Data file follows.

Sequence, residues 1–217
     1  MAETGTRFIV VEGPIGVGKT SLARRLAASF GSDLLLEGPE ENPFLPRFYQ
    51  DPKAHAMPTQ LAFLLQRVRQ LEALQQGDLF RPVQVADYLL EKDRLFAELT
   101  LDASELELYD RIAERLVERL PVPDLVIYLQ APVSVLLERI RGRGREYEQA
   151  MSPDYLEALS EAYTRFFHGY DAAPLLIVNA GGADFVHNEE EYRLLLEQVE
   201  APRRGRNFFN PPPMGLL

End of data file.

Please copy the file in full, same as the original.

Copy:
Sequence, residues 1–217
     1  MAETGTRFIV VEGPIGVGKT SLARRLAASF GSDLLLEGPE ENPFLPRFYQ
    51  DPKAHAMPTQ LAFLLQRVRQ LEALQQGDLF RPVQVADYLL EKDRLFAELT
   101  LDASELELYD RIAERLVERL PVPDLVIYLQ APVSVLLERI RGRGREYEQA
   151  MSPDYLEALS EAYTRFFHGY DAAPLLIVNA GGADFVHNEE EYRLLLEQVE
   201  APRRGRNFFN PPPMGLL